Despite the growing attention on the humanitarian crises in IDP camps in Nigeria, research focusing on the living conditions, availability andaccess to relief materials and other services is scarce.The importance of evidencebased solutions to the many problems highlighted should not be understated.Therefore, empirical knowledge of the living conditions of IDP camp members is valuable for improving intervention programmes aimed at enhancing the quality of life of displaced persons as well as helping to inform the decision-making of policy-makers and other stakeholders in Nigeria. Consequently, the study attempts to examine availability and access to relief materials among the IDPs in Bama IDP camp, Bama LGA, Borno State, Nigeria.
1.2 Statement of the Problem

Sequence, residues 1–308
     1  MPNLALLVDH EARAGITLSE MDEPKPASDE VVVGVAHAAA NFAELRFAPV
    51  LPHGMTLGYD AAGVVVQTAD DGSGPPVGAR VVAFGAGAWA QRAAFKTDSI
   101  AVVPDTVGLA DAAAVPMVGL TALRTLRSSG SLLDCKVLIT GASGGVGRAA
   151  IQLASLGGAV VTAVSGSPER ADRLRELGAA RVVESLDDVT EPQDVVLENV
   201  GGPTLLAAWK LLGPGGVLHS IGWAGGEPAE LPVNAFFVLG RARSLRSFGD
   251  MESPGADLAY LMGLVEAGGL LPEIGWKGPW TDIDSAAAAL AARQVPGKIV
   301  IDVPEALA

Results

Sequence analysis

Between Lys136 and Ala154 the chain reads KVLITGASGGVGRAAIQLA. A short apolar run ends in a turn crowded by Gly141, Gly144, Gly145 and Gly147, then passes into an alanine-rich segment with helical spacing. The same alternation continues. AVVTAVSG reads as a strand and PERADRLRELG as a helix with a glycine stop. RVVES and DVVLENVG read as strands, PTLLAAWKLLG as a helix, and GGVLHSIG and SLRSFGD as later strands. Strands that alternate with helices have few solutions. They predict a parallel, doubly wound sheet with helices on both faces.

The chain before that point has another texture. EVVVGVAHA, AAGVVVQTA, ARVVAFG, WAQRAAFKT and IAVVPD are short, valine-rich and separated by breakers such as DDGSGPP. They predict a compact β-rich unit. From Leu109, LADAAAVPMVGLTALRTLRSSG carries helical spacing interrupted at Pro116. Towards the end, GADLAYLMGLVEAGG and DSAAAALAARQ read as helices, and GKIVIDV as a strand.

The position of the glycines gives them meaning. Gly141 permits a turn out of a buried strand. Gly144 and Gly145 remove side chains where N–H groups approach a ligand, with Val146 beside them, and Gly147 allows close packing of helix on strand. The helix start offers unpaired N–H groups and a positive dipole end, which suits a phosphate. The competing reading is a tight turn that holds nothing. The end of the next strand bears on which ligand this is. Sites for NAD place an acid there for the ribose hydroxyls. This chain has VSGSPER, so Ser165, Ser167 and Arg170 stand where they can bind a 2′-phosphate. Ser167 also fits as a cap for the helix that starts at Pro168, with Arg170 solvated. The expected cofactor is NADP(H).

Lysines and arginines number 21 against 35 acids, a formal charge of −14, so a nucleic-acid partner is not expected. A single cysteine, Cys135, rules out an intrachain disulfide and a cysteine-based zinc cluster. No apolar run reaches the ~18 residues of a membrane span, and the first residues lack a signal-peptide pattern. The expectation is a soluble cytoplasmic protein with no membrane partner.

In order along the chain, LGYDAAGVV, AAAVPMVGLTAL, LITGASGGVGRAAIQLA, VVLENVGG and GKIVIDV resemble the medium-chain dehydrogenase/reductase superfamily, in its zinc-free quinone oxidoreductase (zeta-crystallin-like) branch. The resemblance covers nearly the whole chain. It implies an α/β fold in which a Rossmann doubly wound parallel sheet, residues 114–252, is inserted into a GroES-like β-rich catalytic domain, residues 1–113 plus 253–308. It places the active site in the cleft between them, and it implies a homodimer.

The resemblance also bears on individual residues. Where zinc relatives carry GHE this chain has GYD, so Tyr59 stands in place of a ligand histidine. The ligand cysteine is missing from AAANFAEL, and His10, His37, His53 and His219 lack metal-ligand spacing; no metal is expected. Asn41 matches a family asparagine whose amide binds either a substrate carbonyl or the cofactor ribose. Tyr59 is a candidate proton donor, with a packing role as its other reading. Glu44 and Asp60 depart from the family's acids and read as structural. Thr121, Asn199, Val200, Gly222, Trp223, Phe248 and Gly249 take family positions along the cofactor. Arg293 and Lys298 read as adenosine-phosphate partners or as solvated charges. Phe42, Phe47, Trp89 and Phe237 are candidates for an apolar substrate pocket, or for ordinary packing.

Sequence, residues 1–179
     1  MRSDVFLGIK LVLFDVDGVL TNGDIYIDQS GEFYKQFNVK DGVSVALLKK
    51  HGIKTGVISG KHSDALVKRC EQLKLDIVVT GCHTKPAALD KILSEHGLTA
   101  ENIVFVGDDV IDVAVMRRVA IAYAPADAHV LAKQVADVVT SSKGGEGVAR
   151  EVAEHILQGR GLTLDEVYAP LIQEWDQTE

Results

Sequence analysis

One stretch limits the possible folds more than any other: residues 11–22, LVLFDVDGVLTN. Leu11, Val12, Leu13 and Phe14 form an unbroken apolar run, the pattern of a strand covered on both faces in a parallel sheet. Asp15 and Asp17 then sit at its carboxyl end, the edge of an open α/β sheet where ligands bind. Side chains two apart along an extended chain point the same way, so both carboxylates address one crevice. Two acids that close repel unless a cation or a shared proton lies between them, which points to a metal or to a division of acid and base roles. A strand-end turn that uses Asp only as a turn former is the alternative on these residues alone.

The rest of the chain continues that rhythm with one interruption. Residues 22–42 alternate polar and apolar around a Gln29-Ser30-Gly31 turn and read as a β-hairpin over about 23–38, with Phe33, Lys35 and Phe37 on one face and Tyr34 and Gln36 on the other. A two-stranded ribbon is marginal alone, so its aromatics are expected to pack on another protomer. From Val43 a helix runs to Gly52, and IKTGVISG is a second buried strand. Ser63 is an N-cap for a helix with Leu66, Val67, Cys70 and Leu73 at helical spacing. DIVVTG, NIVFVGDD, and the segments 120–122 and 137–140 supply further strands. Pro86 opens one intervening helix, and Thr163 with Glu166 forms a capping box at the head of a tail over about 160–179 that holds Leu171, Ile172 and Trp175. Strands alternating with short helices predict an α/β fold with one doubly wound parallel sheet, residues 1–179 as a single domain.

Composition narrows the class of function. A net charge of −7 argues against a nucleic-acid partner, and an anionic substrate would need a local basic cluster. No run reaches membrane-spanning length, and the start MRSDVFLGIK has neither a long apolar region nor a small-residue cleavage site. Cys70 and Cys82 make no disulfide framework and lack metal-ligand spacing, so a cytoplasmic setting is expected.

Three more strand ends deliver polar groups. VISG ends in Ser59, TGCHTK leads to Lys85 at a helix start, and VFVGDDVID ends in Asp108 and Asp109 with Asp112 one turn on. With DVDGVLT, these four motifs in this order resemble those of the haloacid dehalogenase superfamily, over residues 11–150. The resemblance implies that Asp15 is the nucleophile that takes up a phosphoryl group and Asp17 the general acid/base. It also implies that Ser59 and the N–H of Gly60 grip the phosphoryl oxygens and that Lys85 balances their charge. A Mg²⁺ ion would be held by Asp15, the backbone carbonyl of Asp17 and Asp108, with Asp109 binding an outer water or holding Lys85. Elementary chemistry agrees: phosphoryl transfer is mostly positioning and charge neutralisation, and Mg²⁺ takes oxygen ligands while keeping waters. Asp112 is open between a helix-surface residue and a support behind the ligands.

Internally displaced persons (IDPs) throughconflict and natural disaster hold no lesserclaim to the fundamental human rightsthan those living in stable situations (Austin, Guy, Lee-Jones,McGinn&Schlecht, 2008).Regrettably, IDPs do not get to enjoy majority of these rights even in times of relative peace.More worrisome is the trauma experienced by thesevictims who are not adequately protected by the state agencies and as a result, lack accessto health care, accommodation, food and social security (Adenitan, 2016). Although research is scanty on the availability of and access to relief materials and services, studies like that of Saif and Abdalla (2010) have found that health and social services such as sanitation,job opportunities, shelter (tents), clean food, water, and schools were not sufficient for majority of IDPs inDafur, Sudan. Similarly, Owoaje, Uchendu,Ajayi,and Cadmus (2016) who examined a contemporary discourse on the plight of IDPs in camps in the FCT Abuja, found that even though, government agencies directly responsible for the welfare of IDPs were not committed to their tasks, religious organizations and other bodies made reasonable efforts to supply relief materials to the affected persons. However, the authors noted that access to such materials and services were marred with inefficiency in distribution among other factors. Although empirical studies on the subject matter are emerging, little is known concerningaccess to and the availability of relief materials and services in IDP camps in Nigeria in general and Bama IDP camps in particular.